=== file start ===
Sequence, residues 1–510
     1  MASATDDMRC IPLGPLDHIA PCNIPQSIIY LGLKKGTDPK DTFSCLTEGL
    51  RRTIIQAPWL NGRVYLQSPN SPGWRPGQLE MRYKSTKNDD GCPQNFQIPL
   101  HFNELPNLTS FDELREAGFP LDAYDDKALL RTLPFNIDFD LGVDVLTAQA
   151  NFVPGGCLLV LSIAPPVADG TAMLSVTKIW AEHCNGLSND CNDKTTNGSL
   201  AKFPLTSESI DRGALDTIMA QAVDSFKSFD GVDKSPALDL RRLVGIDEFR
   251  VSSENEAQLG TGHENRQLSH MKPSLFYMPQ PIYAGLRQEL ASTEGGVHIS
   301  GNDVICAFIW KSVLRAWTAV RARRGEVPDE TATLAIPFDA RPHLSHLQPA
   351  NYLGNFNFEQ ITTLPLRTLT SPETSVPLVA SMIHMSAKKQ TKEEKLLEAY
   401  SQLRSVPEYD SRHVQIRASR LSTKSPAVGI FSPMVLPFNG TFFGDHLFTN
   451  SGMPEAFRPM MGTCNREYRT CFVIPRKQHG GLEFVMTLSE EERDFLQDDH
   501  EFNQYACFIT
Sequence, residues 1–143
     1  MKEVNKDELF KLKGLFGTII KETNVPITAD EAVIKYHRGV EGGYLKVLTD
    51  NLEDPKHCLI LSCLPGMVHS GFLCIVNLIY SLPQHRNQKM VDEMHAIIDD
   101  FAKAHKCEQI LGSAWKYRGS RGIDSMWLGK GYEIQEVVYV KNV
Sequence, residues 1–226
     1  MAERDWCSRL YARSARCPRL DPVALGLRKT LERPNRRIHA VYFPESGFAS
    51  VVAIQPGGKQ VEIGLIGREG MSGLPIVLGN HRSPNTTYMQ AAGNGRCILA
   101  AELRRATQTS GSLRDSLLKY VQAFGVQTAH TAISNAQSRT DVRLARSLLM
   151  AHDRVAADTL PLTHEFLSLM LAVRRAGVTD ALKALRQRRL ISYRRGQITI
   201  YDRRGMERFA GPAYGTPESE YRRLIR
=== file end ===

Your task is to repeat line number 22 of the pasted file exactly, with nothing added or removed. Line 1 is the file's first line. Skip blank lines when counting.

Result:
   201  YDRRGMERFA GPAYGTPESE YRRLIR